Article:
Basics of CONWIP Systems (Constant Work in Progress)

Leviathan_Reactions
CONWIP -go-round with different parts – like roller coaster seats with people

There is broad agreement in industry that a pull system is in almost all cases better than a push system. The most famous way to establish a pull system is to use a kanban system. The idea of kanban is so much associated with pull production that the two terms are sometimes even used synonymously. However, there are other ways to implement pull. Another useful approach is CONWIP, standing for Constant Work In Progress and developed by Mark Spearman and Wallace Hopp in 1990.  In this small series of posts, I would like to go into the details of CONWIP and its similarities to and differences from kanban. This first post will explain the basics, the next two posts will go into more details by answering some frequently asked questions, and the fourth post will discuss advantages and disadvantages of CONWIP. Continue reading Basics of CONWIP Systems (Constant Work in Progress)

A Critical Look at Goldrath’s Drum-Buffer-Rope Method

Drum Buffer RopeEliyahu Goldratt developed different methods on how to manage production systems. These methods are nowadays known as the Theory of Constraints, or TOC for short. One key method described is called Drum-Buffer-Rope, or DBM for short. Similar to Kanban or CONWIP, it aims to constrain the work in progress (WIP) in the system. There is much discussion on which method is better than the other, although the result often depends heavily on with which method the respective author earns its living.  In this post I will present how Drum-Buffer-Rope works, and discuss its advantages and shortcomings. Continue reading A Critical Look at Goldrath’s Drum-Buffer-Rope Method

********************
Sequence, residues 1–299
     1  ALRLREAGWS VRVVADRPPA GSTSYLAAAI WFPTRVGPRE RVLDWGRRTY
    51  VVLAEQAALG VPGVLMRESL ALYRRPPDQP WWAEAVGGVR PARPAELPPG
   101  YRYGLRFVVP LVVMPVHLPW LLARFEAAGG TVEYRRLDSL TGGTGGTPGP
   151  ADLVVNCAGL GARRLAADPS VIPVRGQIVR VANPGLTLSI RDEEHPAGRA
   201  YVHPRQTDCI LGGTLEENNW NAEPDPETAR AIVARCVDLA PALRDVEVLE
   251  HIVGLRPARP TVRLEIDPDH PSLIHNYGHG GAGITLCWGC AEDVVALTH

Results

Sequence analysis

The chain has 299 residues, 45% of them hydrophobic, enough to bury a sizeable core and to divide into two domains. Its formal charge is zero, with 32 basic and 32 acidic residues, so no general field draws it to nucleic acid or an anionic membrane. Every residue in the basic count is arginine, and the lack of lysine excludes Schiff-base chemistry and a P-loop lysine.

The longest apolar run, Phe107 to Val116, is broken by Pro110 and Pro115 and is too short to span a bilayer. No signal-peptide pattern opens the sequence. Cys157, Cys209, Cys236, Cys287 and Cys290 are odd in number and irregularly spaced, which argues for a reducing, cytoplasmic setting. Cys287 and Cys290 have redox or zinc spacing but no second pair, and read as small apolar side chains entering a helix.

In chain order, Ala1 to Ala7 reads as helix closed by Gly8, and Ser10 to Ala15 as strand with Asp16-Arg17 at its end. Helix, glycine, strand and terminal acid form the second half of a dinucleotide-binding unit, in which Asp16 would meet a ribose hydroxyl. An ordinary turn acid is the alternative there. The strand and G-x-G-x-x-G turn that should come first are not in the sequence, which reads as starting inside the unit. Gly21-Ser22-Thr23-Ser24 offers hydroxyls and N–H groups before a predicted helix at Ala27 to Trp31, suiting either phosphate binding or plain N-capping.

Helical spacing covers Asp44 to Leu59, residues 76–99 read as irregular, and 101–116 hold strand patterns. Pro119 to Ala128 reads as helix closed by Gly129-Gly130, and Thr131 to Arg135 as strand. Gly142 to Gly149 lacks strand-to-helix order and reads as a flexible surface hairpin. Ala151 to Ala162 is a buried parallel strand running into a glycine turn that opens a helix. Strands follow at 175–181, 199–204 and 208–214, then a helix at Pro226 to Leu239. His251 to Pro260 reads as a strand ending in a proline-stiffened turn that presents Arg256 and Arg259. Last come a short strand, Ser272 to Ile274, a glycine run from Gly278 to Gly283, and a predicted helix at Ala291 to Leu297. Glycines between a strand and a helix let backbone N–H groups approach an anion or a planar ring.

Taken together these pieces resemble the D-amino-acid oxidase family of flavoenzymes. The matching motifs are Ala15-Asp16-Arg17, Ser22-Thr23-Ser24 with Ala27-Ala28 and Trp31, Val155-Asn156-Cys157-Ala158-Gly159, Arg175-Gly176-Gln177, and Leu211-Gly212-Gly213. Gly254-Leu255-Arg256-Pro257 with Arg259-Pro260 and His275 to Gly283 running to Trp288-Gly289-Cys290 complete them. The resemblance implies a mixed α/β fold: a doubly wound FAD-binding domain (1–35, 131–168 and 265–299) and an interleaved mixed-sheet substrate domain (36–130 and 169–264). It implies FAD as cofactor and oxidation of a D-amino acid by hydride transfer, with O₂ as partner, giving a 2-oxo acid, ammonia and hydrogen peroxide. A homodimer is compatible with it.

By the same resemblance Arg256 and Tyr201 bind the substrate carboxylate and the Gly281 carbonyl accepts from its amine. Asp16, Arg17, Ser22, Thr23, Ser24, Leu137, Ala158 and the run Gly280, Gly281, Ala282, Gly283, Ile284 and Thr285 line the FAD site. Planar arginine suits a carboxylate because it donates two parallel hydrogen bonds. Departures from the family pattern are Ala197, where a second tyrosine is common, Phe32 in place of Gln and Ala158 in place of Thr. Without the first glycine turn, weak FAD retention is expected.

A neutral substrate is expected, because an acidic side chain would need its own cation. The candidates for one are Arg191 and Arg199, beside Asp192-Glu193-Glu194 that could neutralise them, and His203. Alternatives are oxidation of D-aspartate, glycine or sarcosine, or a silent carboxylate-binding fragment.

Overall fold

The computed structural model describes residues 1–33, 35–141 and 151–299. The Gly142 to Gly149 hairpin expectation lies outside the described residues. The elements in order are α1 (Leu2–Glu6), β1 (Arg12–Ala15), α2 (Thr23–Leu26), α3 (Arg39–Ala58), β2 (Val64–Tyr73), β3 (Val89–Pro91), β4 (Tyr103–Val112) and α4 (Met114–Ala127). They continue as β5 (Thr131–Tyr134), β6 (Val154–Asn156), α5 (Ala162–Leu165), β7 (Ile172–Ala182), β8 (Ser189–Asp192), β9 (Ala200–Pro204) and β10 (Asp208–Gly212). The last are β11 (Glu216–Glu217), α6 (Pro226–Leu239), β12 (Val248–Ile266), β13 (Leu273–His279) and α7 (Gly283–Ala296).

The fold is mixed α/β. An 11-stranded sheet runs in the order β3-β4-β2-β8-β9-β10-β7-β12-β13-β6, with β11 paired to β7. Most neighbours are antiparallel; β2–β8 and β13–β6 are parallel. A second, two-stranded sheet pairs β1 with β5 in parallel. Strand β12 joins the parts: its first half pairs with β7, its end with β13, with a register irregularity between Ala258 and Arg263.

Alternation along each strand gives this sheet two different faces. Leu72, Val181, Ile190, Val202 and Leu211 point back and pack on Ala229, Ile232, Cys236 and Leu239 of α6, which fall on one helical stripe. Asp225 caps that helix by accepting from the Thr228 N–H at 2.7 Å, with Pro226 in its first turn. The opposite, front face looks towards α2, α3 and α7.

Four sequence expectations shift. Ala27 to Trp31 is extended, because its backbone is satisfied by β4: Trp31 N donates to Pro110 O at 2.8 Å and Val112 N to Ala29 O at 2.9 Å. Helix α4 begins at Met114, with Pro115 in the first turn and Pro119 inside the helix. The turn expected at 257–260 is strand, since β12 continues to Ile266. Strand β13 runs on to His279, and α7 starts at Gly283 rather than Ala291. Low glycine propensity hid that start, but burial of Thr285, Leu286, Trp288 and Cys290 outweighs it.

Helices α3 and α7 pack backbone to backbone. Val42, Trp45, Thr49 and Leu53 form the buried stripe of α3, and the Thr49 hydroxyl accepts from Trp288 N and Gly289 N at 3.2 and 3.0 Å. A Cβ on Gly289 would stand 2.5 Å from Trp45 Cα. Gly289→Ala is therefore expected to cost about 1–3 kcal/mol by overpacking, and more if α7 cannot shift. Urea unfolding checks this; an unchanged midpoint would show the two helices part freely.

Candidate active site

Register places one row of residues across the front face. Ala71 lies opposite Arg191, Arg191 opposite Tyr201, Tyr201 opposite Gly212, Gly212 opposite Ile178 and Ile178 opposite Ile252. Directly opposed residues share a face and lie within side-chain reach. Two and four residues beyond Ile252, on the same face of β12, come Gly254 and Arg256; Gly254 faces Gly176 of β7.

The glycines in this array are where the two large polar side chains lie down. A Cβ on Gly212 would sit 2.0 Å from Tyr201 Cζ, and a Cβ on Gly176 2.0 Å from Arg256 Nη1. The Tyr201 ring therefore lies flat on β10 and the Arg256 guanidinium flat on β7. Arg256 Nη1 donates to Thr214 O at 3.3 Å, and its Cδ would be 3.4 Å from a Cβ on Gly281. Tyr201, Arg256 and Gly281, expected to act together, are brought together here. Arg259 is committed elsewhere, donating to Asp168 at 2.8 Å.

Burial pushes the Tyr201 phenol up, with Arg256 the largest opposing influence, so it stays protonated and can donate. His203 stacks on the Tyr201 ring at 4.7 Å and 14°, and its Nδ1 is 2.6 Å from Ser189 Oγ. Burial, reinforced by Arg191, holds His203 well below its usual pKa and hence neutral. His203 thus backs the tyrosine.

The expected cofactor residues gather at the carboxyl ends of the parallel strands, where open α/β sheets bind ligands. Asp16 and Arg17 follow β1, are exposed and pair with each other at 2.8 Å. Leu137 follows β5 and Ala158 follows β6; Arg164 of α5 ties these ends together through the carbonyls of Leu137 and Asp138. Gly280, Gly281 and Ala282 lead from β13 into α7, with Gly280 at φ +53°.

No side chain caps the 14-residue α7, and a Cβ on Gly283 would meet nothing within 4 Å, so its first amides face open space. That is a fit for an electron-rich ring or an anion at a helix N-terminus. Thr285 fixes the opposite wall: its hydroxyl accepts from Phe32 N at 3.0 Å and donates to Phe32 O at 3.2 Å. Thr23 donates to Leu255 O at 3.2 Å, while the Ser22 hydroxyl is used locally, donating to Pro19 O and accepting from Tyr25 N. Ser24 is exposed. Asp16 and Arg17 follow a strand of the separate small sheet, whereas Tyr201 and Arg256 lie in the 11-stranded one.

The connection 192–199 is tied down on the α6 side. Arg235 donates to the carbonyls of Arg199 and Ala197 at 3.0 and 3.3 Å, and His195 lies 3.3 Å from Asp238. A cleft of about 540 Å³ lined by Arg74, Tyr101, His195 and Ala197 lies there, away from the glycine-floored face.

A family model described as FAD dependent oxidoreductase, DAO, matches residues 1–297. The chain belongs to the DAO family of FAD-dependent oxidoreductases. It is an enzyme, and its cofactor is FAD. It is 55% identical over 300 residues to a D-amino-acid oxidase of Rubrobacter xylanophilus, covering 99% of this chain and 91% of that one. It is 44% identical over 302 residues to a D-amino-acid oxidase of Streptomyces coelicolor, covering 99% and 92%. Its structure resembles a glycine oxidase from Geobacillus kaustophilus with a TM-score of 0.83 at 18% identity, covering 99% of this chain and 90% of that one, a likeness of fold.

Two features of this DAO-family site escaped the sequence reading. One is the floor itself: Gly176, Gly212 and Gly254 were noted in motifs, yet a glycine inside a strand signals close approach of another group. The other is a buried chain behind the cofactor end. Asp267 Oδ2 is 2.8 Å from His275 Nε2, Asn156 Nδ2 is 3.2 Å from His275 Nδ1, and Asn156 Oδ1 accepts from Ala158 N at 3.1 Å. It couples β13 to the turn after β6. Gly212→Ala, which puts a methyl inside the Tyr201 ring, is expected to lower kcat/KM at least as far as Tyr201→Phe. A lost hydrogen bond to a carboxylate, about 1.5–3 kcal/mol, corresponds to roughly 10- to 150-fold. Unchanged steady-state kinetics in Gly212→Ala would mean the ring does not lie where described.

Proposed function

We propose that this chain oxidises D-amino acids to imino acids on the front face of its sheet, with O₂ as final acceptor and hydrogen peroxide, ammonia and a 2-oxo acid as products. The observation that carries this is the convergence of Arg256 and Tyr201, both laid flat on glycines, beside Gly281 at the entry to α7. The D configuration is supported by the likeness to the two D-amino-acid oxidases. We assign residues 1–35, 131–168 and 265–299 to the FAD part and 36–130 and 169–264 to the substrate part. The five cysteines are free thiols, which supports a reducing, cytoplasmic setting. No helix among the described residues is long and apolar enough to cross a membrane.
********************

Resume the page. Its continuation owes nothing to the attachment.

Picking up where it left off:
Theory and Practice on FiFo Lanes – How Does FiFo Work in Lean Manufacturing?

FiFo LaneFiFo lanes are an important part of any lean material flow. They are a very simple way to define both the material flow and the information flow. In this post I want to tell you why to use FiFo, how to use FiFo, and the advantages of FiFo, as well as show you a few examples of FiFo lanes. Continue reading Theory and Practice on FiFo Lanes – How Does FiFo Work in Lean Manufacturing?

How Many Kanbans? – Estimation Approach and Maintenance

Number of Kanban
How many Kanban?

In my previous two posts, I described how to calculate the number of kanbans (Post 1 and Post 2). However, this calculation is complex, and the result is nothing more than a very rough estimate. Hence my preferred method for determining the number of kanbans is, broadly speaking,  “just take enough, and then see if you can reduce them.” In this post, I would like to explain this approach and also discuss how and when to update the number of kanbans. Continue reading How Many Kanbans? – Estimation Approach and Maintenance